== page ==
Food Prize laureate bats for sweet potato

Published - June 01, 2018 06:23 pm IST - Thiruvananthapuram

In 1996, when Maria Andrade migrated to Mozambique, hardly anyone in the African country spoke of the sweet potato. “If you went to a house and saw people eating the tuber, they would hide it because it was identified with being poor,” she recalls.

An year later, Dr. Andrade, a scientist with the International Potato Centre (CIP), initiated a breeding programme for orange fleshed sweet potato (OFSP) in the drought-prone areas of sub-Saharan Africa. The project led to the release of nine varieties of the root crop rich in vitamin A, a critical micronutrient for pregnant women and undernourished children.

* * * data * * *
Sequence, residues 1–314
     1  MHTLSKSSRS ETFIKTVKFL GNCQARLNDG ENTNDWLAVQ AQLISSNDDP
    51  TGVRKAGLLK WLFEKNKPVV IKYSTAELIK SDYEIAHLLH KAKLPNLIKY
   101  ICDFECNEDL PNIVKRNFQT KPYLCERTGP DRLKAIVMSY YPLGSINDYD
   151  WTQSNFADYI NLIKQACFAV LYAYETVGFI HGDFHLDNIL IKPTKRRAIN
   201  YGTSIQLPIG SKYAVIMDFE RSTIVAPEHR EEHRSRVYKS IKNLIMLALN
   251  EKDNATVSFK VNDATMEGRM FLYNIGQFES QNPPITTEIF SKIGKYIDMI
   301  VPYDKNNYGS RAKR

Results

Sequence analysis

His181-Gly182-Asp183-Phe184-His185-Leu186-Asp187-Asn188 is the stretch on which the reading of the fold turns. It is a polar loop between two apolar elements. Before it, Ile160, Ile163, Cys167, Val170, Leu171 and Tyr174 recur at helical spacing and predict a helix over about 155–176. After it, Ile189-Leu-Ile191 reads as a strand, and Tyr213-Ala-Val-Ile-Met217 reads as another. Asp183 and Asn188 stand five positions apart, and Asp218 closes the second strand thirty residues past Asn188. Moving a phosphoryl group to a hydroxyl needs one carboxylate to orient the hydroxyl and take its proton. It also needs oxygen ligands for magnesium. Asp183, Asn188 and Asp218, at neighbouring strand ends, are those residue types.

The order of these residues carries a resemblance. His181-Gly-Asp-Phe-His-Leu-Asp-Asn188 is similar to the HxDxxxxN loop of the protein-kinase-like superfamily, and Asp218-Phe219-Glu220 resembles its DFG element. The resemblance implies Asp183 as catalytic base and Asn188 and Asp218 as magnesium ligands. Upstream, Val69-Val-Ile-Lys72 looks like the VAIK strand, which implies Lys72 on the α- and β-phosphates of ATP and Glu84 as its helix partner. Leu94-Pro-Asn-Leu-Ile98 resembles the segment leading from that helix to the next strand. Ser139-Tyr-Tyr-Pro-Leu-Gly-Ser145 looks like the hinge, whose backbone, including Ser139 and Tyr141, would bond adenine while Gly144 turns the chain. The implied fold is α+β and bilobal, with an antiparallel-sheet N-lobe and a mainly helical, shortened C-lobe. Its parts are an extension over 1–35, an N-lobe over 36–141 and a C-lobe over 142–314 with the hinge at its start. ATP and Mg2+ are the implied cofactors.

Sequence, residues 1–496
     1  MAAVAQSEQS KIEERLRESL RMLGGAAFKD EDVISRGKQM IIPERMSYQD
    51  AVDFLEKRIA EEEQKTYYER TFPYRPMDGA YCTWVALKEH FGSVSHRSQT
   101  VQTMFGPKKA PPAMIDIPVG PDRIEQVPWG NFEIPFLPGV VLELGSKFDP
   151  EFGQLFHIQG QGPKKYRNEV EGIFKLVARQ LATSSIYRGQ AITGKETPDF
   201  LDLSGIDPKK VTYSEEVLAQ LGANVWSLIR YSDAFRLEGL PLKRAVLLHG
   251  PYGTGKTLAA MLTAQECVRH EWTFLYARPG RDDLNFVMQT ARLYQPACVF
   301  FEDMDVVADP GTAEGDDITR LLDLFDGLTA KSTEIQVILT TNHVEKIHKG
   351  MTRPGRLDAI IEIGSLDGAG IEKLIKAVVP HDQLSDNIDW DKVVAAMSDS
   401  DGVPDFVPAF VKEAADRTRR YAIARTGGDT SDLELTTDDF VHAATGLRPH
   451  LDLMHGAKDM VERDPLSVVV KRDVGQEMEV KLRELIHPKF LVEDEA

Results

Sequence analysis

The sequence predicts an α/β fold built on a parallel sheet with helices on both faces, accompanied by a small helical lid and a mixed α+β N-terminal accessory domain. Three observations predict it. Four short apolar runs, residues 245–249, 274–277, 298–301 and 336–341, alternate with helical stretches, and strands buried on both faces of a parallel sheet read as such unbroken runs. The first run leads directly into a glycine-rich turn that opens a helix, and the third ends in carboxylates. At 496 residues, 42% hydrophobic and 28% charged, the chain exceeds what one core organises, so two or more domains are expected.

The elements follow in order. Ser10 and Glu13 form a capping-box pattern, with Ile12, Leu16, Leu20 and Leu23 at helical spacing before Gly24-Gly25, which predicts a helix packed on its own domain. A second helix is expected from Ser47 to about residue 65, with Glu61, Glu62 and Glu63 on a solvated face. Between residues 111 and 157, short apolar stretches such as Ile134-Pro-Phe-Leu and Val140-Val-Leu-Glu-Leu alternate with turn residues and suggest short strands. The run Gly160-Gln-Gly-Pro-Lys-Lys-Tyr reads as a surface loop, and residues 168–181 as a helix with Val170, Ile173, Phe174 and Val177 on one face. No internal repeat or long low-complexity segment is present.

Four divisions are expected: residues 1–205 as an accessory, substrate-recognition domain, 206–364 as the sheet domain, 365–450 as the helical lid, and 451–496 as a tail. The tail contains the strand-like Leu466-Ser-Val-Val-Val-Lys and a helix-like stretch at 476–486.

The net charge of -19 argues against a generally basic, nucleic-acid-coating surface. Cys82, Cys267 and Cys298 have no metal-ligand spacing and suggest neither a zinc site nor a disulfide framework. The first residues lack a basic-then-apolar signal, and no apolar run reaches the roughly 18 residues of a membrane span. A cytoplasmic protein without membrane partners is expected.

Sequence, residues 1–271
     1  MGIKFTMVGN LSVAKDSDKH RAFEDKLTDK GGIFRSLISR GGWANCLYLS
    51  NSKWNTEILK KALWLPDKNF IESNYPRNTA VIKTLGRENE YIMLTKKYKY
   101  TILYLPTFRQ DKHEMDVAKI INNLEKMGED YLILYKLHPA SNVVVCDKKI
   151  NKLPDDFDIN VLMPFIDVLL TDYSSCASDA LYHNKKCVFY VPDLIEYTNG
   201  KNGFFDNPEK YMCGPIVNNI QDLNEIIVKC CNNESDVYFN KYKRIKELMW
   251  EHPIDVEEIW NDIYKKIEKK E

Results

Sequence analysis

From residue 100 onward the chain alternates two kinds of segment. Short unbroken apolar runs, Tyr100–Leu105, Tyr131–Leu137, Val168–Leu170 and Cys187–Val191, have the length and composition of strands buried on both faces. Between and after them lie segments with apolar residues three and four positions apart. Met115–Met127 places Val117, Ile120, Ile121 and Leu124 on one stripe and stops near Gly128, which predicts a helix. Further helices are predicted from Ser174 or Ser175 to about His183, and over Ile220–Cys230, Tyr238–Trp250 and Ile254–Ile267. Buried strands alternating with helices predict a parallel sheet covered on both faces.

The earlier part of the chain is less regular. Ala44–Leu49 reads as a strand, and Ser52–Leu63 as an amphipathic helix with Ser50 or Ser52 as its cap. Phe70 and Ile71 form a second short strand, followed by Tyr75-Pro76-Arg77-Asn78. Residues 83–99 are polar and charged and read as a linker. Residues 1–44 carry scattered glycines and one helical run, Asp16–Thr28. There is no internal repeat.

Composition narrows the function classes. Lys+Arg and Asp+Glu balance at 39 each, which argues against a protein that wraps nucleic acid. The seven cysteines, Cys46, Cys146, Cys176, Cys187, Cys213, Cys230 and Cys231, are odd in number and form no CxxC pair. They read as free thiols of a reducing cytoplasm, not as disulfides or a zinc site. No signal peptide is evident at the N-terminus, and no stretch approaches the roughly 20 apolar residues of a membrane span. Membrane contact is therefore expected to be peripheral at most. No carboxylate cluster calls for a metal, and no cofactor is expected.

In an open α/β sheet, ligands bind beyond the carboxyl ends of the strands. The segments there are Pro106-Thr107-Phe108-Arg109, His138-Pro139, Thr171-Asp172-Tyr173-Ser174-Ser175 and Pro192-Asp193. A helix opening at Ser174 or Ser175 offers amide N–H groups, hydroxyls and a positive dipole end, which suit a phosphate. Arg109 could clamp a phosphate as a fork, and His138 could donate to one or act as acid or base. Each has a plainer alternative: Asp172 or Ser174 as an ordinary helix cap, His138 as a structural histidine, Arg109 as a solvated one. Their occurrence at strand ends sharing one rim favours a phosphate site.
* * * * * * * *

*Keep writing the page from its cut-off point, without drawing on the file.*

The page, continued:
In 2016, she won the World Food Prize for her role in sweet potato production that helped many countries of Africa address food and nutritional insecurity.

Speaking to The Hindu on the sidelines of the third Asia Sweetpotao Breeders and Seed System meeting here, Dr. Andrade said promotional programmes by CIP and policy initiatives by governments had pitchforked sweet potato to the status of a top priority crop in 14 African countries. “Over a period of 12 years, OFSP has reached five million families across the continent.”

She said that extending the network to Asia would have significant benefits for several countries grappling with malnutrition and hunger. “A networking programme could facilitate exchange of germplasm and sharing of technology for conservation and breeding of crop varieties.”

Dr. Andrade said CIP was working on biofortification of OFSP to improve the content of iron and zinc in the tuber.

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